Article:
Peter Thorne, professor of occupational and environmental health in the College of Public Health, and Lea VanderVelde, professor of law and the Josephine R. Witte Chair, have been named recipients of the 2022 University of Iowa Distinguished Chair.
Previous University of Iowa Distinguished Chair awardees
- Stanley Perlman, professor, Department of Microbiology and Immunology, Carver College of Medicine (2021)
- Michelle Scherer, professor of civil and environmental engineering, College of Engineering (2021)
- Corinne Peek-Asa, professor in the College of Public Health (2020)
- Caroline Tolbert, professor of political science, College of Liberal Arts and Sciences (2020)
The award is one of the highest bestowed on Iowa faculty. It recognizes tenured scholars of national and international distinction who are making a significant positive impact within the university, state of Iowa, and beyond through teaching, research, and/or scholarship.
“The University of Iowa Distinguished Chair rewards and recognizes some of the most exceptional members of our community of scholars, who have earned national and international distinction,” says Kevin Kregel, executive vice president and provost. “Professors Thorne and VanderVelde have outstanding records of scholarship, teaching, and service, and their work not only contributes to the institution, but to the state of Iowa and beyond.”
In addition to support for their professional activities, Thorne and VanderVelde will hold the title of University of Iowa Distinguished Chair for the duration of their faculty appointments at Iowa. VanderVelde will relinquish her endowed position to accept the University of Iowa Distinguished Chair.
Peter Thorne, College of Public Health
Thorne, who also serves as the director of the Human Toxicology Program within the Graduate College, joined the Iowa faculty in 1988. His pioneering research is focused on environmental risk factors for inflammatory lung diseases, the toxicity of engineered nanomaterials and persistent chemical pollutants, and the health effects of climate change.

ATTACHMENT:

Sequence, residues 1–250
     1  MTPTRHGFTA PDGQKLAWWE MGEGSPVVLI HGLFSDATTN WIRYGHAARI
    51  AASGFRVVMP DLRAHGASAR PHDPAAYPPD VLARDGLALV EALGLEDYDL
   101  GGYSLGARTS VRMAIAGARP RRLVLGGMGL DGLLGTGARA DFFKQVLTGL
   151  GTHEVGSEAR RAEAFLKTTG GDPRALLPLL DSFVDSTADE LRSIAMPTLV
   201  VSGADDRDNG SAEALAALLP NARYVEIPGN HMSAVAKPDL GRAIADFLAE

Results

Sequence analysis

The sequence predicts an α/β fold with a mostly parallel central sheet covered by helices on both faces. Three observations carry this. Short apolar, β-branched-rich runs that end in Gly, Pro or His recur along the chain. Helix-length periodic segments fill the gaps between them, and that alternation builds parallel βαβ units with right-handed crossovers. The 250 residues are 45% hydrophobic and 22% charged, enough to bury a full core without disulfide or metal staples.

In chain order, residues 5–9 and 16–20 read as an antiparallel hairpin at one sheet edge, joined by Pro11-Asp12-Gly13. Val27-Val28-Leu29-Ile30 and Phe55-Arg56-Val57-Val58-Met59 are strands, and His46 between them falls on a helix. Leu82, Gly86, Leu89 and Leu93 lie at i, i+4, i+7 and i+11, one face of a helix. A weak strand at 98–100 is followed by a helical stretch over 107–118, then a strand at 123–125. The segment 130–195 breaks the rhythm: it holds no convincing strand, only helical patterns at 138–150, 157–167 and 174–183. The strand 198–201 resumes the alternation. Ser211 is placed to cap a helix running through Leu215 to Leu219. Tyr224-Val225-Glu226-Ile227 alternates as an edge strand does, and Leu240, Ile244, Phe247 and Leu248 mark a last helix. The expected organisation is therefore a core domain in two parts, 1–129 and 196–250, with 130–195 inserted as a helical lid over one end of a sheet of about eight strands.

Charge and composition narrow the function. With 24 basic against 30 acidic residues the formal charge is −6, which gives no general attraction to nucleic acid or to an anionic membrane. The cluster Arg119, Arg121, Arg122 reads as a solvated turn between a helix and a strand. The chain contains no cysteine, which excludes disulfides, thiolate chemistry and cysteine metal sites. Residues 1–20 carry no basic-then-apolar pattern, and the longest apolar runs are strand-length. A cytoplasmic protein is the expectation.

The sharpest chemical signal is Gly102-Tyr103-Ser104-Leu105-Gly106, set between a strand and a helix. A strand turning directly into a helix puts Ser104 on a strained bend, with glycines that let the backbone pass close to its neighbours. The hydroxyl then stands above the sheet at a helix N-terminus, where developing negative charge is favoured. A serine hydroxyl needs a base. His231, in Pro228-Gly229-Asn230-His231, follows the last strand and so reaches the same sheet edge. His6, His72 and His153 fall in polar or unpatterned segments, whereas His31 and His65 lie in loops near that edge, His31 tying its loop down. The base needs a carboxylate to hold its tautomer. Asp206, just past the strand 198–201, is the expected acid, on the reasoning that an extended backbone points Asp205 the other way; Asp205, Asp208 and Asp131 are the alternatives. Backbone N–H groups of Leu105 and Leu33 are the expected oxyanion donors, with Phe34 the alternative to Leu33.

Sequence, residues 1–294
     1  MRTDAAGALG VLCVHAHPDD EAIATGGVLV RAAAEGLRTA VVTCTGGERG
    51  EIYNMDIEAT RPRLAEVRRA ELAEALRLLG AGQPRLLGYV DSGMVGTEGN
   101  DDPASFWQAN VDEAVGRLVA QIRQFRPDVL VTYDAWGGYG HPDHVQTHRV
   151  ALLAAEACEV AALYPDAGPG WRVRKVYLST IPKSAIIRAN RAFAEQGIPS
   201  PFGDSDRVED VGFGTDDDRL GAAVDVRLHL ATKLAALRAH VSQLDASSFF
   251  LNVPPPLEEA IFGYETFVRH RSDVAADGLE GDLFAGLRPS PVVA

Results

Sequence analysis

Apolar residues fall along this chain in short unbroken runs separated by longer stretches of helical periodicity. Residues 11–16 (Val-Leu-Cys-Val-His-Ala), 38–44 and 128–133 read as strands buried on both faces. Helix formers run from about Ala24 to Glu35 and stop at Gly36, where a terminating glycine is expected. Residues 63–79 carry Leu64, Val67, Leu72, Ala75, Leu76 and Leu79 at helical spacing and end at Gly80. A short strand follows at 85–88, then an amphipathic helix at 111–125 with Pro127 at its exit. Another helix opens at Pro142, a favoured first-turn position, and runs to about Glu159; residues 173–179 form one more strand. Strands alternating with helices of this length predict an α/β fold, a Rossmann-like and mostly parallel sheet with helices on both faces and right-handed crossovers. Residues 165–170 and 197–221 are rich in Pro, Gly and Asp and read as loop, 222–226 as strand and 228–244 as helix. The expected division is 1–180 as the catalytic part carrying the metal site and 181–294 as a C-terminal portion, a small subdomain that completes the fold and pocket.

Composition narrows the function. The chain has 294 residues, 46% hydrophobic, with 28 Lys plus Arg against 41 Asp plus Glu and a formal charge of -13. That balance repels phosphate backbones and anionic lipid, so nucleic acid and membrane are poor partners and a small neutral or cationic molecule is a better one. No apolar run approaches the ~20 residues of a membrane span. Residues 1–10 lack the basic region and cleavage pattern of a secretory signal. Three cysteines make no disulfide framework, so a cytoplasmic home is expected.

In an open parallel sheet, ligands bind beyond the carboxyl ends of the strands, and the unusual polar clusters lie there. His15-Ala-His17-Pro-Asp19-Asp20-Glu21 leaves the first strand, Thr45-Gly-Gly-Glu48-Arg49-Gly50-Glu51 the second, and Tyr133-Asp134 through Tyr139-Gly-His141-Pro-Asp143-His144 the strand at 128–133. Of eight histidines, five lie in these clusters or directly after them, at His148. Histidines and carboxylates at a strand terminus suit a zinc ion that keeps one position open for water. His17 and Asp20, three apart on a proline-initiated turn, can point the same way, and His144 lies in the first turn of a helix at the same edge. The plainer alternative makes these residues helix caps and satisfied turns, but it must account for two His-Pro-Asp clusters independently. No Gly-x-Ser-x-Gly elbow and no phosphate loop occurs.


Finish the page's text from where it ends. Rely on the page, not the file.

Thorne is working with the U.S. Environmental Protection Agency (EPA) and the National Academy of Sciences in translating complex environmental health science to public policy. He is serving a third, three-year term on the EPA’s Science Advisory Board and served two years as chair. Thorne was a member of the National Academy of Sciences Board on Environmental Studies and Toxicology for six years. He is the current chair of the academy’s Committee on Toxicology.
At Iowa, Thorne directed the Environmental Health Sciences Research Center for 20 years and served as head of the Department of Occupational and Environmental Health for 12 years. He has led the Pulmonary Toxicology Facility core since 1993. Thorne was awarded the 2017 UI Scholar of the Year and the 2018 Iowa Board of Regents Award for Faculty Excellence. He teaches courses on health effects of climate change, global environmental health, and human toxicology. He has mentored 25 PhD students, 30 master’s students, and 18 postdoctoral fellows. With his students and staff, he has published more than 290 peer-reviewed publications.
Lea VanderVelde, College of Law
VanderVelde—one of the first women ever tenured in the College of Law—joined Iowa as a visiting faculty member in 1978. Her research focuses on how American civil rights and civil liberties law was formed during Reconstruction, bringing to light the 13th Amendment’s potential for addressing current issues. Her research has changed the way subsequent scholars and lawyers think about civil rights.
VanderVelde has been involved in initiatives to advance civil liberties and end modern slavery, authoring several amicus briefs and successfully nominating her friend Kailash Satyarthi, for the Nobel Peace Prize in 2014. She has pursued digital research technology through the Reconstruction Amendment Optical Scanning (RAOS) project, which she founded more than 20 years ago. She successfully digitized the Congressional debates from 1863 to 1873, which will be useful for legislative histories. In cooperation with state historical societies, she has made discoveries about the territorial histories of Iowa and all of the surrounding states of the Northwest Territory. She is the author of five major books, two history monographs, two leading casebooks, and a primer for text analysis. One of her books, Mrs. Dred Scott: A Life on Slavery’s Frontier, reveals the previously untold story of the enslaved mother and family at the center of the nation’s most infamous lawsuit.
VanderVelde was the Guggenheim fellow in Constitutional Studies for 2011, the recipient of the May Brodbeck Humanities fellowship for 2019, the 2020 winner of the Brophy prize for best article in legal history published in the American Journal of Legal History, and the 2022 UI Scholar of the Year. She is a life fellow of the American Law Institute, where she was active in the Restatement of Employment Law and the Restatement of Agency. She has been a member of the Wisconsin State Bar since 1978 and has lectured at universities around the world.